It’s been a long time since you’ve heard anything from me, and for that I apologize. I am not a big talker when I’m knee deep in my work, but for the sake of transparency and understanding as the Tower Stream moves towards key milestones, I thought it best to pull my head from the sand.
This post marks the beginning of what will become a semi-regular (I hope) series specifically highlighting the differences and improvements of the Tower Stream’s core elements versus those of the Zenlil Stream.
Today’s post is about the use of physical, lethal violence, and how the changes we’ve made to iDGi-1 will dramatically alter this particular element of the experience. Before we get to that I wanted to first talk a bit about the two Streams in general, and how the iDGi-1 / game engine combo works the way it does.
How It Works
The Consortium King was the key to understanding and applying most of the Zenlil Stream’s pool of functions: what you would call the Consortium game experience. Without him I would not have a job, and our connection to the other world would not exist. We owe him a great deal for this. But, before I continue, you must understand that I do not “dislike” the King so much as I am leery of blindly trusting him. I have touched on this topic in previous posts, but I feel it’s important to again point out that he has proven on numerous occasions to be hiding secrets and emotional turbulence behind his alarmingly goofball demeanor.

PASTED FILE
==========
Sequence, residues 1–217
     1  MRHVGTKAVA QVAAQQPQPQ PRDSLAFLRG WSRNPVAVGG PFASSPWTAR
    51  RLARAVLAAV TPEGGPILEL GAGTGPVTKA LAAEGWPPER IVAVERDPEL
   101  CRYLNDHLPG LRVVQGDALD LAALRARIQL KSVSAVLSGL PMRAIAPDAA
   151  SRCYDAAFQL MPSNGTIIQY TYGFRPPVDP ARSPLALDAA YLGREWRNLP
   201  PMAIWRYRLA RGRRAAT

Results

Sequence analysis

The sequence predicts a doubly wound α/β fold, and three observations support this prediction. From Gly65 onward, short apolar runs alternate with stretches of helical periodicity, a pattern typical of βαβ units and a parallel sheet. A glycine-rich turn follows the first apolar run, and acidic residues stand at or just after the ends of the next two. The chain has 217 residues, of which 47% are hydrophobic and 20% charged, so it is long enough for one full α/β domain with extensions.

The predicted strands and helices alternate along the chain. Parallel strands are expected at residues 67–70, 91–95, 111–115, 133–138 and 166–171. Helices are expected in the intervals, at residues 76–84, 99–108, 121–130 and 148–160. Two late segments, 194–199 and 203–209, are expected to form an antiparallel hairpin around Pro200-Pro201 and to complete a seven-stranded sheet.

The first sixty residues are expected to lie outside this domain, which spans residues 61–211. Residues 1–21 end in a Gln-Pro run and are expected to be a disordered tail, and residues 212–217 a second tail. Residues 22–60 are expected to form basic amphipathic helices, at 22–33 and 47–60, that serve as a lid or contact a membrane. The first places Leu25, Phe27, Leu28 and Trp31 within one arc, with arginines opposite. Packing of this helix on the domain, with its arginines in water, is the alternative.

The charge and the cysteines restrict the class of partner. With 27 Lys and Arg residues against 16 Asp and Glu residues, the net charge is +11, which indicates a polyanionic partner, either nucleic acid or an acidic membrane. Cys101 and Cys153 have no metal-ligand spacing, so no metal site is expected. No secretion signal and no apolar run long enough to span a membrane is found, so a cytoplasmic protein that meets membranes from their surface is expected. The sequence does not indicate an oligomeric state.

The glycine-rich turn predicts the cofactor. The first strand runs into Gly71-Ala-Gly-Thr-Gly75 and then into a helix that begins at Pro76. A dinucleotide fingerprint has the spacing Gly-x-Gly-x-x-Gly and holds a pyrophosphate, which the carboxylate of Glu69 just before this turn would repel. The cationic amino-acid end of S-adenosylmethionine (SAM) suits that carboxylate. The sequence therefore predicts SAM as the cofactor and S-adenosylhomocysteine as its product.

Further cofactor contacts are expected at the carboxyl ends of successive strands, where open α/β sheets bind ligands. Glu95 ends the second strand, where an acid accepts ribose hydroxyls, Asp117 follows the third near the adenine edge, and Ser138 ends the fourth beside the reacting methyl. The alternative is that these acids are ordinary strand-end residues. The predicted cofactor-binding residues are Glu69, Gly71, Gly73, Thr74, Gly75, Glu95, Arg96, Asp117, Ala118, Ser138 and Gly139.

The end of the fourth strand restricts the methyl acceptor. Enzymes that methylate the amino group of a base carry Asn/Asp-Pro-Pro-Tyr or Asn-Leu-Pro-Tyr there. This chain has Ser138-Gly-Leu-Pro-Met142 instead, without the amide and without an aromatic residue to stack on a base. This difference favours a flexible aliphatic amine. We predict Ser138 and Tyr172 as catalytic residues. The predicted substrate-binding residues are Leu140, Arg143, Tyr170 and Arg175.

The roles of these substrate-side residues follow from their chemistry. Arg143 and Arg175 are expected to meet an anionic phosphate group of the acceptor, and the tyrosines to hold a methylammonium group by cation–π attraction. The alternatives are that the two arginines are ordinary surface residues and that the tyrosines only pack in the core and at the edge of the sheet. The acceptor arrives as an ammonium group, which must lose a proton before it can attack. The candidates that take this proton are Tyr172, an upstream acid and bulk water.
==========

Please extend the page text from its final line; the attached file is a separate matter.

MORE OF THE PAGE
The King has always informed us on the vast majority of iDGi-1 improvements, and through the Stream we’ve pieced together the blueprints HE wanted us to. He put the pieces out there, and not in a simple way as we believe he could have done, but as an incredibly challenging puzzle of coded data. I believe he has been intentionally distorting the connection between our worlds since the beginning in order for it to be difficult for us. To make it seem as though we’ve been doing it for ourselves, when in reality it’s always been him feeding us one tiny morsel at a time. The more difficult the mysterious puzzle, the more our naturally curious human minds would gravitate toward it.